The Hancock Community, known as the City of Peace, existed as an independent separatist community from 1790-1959. For 169 years, the Hancock Shakers maintained their Community, separate from the world in values but not exempt from the financial burdens of the world, through tenacity and determination, which gave way to innovation and sustainable living conditions.
Like all Shaker Communities, the City of Peace included its own Meeting House. While each family had its own Meeting Room within their Dwelling Houses where they would worship in the evenings, the Meeting House was where all Community members gathered to worship on Sundays.
In 1790, the Hancock Community was established on several tracts of farmland in order to ensure that basic needs would be met. The Hancock Shakers very shortly established a dairy business to help sustain the Community, but in 1826 the largest barn burned to the ground. The Hancock Deacons took advantage of the situation and designed a barn to be built out of stone that would better sustain the Community indefinitely.
The last Dwelling House remaining at Hancock, known today as the Brick Dwelling, was designed and built to serve as the residence of the Church Family, or the Senior Order of the Community. The Brick Dwelling gives us several examples of Shaker life and innovations, from simple to unique. All members of the Church Family, Brothers and Sisters alike, lived together under the same roof, on the same floor. Brothers and Sisters did, however, lived on opposite sides of the building. All the rooms and features of the Dwelling House are a mirror image of themselves, all aspects are equal. Here again, we see the importance of gender equality in all aspects of Shaker life. With Brothers and Sisters of a celibate Community living on equal terms, the Community was able to be sustained.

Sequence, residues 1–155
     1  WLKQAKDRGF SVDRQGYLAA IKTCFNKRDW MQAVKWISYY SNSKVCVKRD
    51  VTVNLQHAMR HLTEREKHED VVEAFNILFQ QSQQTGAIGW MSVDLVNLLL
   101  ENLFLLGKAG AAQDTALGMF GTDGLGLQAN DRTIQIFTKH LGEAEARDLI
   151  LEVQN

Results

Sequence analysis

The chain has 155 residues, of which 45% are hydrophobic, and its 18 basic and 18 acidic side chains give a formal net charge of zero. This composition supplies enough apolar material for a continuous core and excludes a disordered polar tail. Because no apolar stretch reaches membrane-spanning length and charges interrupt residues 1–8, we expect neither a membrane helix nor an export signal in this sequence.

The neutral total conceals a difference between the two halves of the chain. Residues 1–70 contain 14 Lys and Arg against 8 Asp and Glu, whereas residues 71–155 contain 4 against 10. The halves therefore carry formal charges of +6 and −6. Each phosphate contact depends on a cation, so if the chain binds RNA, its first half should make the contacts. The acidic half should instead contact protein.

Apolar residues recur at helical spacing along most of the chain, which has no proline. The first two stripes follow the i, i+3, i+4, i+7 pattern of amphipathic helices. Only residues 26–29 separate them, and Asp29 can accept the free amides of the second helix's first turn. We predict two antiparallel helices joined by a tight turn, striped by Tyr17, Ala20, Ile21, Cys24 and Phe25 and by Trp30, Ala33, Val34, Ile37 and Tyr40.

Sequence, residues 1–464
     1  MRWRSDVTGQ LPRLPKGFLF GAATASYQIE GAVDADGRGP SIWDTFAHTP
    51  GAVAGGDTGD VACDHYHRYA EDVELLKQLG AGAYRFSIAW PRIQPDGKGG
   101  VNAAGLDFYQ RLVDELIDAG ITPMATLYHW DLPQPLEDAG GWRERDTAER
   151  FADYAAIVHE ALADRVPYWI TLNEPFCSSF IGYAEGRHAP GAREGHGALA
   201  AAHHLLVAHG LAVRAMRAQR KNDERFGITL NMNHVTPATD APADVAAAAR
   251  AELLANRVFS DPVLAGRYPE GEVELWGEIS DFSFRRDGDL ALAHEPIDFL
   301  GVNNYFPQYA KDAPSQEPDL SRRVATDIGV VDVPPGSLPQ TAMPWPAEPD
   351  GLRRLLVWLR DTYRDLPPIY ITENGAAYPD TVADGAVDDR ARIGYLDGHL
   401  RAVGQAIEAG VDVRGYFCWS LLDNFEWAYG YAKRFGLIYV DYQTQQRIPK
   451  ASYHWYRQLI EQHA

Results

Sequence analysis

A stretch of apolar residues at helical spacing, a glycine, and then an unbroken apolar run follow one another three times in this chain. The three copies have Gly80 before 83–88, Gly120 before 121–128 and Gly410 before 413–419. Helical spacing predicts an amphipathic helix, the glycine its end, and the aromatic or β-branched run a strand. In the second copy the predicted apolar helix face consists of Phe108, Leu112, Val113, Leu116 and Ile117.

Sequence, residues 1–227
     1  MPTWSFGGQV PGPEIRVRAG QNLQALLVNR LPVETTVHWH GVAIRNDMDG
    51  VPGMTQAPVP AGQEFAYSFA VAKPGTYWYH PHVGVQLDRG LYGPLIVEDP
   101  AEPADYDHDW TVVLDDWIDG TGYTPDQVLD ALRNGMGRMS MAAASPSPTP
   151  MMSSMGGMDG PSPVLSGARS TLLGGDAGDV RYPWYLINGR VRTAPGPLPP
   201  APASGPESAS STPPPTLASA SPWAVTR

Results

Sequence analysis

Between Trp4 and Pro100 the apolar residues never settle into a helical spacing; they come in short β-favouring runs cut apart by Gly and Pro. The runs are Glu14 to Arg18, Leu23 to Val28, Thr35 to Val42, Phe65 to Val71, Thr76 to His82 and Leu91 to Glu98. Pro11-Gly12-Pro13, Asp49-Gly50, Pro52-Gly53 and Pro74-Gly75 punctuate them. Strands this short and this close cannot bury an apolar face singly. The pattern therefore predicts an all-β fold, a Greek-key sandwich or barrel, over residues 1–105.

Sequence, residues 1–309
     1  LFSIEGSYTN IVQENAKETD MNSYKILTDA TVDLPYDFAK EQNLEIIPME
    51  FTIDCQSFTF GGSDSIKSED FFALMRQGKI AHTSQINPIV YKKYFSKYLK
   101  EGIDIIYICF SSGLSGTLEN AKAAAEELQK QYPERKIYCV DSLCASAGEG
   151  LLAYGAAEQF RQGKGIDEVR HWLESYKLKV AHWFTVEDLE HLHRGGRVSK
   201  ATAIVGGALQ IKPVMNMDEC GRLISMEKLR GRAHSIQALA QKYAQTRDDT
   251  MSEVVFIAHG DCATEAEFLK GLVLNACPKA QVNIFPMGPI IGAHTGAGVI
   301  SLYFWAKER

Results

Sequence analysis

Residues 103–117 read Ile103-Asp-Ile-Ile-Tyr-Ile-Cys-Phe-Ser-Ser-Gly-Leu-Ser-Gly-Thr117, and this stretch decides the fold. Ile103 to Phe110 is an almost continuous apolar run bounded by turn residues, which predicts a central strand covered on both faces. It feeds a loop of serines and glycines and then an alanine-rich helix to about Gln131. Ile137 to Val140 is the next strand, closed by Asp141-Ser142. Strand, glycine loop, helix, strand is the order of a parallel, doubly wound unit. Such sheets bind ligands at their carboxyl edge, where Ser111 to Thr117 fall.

Other operations were conducted within the City of Peace for the sole purpose of sustaining the Community and improving Shaker life. Perhaps two of the most important internal operations was in the laundry shop and wood mills. From almost the beginning, the Hancock Shakers utilized waterwheels, fed by a reservoir with a capacity of approximately two million gallons, to operate rustic agitators and buzz-saws. In 1859, Hancock Trustees purchased plans for an Impulse-Reaction Water Turbine to power larger machines in the Laundry and Machine Shop. Additional turbines were installed in the Sisters Shop for a cream separator, the Blacksmith Shop for a trip-hammer, and the Fancy Goods Shop for a ceiling fan.